Our resident blogger and English Trainee reflects on this week's training...
‘Mmmm, biscuits’ – this is surely what Homer Simpson would say instead of ‘Mmmm, donuts’ if, in a parallel universe, he was British and not American. And a teacher. In a training session today on progressing from ‘good’ to ‘outstanding’ my inner Homer (we’ve all got one) was awoken by the following thunk*, which proves yet again that in teaching everything can be brought back to baked or confectionery goods:
If an outstanding lesson was a biscuit what kind of biscuit would it be and why?
So what is the answer? Bourbon? Hobnob? Party Ring? Jammy Dodger? Chocolate Digestive? Fortune cookie? The point is, of course, that there is no correct answer; our trainer simply wanted us to reflect on the ingredients of an outstanding lesson. It’s not a bad analogy: biscuit means ‘twice baked’ which to me suggests that an outstanding lesson is done to perfection: you have shallow learning (the first bake) followed by deeper learning (the second bake) and then you eat it – profound learning! Unfortunately for us trainees it often feels like the biscuit tin is just out of reach.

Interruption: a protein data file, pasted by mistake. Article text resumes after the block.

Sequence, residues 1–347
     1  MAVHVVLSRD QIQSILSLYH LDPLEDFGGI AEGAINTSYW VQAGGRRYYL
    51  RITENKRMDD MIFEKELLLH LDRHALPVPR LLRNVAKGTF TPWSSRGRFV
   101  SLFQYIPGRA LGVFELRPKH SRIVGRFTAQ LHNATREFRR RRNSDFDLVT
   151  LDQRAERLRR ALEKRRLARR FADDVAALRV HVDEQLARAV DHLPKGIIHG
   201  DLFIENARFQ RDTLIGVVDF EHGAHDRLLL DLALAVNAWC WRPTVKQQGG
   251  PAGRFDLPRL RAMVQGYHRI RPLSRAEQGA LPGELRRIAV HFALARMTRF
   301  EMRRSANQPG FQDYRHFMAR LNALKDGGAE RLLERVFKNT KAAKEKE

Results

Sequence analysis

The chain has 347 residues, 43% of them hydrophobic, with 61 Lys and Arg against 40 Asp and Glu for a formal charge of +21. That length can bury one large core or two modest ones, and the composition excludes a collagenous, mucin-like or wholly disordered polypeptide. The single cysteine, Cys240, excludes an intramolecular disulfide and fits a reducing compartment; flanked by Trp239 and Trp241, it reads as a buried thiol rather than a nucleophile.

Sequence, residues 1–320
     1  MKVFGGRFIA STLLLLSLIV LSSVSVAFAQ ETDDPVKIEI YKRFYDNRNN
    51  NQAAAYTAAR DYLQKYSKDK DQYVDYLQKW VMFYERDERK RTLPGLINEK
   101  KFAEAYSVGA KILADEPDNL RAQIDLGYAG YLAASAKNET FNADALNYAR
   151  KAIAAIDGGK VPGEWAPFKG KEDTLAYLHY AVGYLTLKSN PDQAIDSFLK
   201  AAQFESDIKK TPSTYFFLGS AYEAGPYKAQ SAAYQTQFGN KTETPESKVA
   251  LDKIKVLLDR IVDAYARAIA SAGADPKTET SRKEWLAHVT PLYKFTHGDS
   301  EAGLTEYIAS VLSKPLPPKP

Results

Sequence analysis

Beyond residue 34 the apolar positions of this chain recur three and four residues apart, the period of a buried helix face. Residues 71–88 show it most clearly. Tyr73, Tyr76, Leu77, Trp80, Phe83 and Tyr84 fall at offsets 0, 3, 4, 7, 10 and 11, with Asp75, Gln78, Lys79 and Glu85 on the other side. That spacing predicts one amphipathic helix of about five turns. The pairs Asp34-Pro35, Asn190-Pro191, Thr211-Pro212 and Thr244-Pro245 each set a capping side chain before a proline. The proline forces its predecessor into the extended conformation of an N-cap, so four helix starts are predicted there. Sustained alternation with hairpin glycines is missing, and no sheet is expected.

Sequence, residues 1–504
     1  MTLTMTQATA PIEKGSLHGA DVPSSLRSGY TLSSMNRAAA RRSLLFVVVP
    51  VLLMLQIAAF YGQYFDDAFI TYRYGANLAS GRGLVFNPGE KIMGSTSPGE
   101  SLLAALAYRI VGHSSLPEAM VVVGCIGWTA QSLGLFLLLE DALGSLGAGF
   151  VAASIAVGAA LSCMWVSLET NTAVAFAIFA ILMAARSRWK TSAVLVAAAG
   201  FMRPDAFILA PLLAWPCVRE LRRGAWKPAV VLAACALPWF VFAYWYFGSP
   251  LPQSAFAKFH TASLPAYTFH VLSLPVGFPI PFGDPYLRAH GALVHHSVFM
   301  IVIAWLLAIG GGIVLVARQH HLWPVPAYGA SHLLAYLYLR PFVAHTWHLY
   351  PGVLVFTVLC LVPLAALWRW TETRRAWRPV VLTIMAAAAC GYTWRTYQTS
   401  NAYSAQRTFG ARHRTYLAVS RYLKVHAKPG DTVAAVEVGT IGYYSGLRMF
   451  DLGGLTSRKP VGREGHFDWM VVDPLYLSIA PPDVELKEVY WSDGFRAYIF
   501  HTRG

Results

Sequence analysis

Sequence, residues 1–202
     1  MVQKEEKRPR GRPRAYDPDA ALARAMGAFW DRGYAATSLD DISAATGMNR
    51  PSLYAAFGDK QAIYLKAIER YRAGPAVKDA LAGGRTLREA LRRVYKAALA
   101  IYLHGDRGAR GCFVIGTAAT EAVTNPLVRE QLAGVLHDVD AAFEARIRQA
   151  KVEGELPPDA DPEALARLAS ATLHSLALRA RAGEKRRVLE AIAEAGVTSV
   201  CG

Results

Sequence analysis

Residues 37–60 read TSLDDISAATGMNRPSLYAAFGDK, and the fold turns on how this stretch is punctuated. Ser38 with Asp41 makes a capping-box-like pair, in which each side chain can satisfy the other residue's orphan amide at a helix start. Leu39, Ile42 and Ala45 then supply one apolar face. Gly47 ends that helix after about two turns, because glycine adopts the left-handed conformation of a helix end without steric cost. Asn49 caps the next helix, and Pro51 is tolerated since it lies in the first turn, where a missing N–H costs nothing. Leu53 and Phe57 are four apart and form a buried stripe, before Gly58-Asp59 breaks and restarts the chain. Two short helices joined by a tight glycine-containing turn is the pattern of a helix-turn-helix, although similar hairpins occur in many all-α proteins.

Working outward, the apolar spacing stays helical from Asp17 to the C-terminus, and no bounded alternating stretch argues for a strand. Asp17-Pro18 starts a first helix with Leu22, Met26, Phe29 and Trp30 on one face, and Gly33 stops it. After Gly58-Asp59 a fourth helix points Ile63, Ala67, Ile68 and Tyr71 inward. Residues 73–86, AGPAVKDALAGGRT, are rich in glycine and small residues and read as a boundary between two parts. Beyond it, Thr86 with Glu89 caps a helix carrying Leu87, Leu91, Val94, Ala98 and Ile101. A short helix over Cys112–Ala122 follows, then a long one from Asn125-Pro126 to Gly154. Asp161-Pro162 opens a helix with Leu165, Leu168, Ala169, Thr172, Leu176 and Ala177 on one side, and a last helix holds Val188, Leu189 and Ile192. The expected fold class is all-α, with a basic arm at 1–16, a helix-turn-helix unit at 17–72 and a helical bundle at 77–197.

However, as we learnt today, there is a clear difference between producing an outstanding lesson and being an outstanding teacher. As one Ofsted inspector put it, ‘An outstanding teacher delivers consistently good lessons’. It is comforting to know that a good lesson is not considered half-baked; we don’t all have to be the Mary Berry of education. That said, the day I get my first ‘outstanding’ it will be like winning the The Great British Bake Off.
*OED definition: Thunk: 1. Informal or humorous past participle of think; 2. A "beguiling question about everyday things that helps you to look at the world in a whole new light"; 3. The sound of a child's head slamming into a table.
Wyvern Technology College and Upper Shirley High School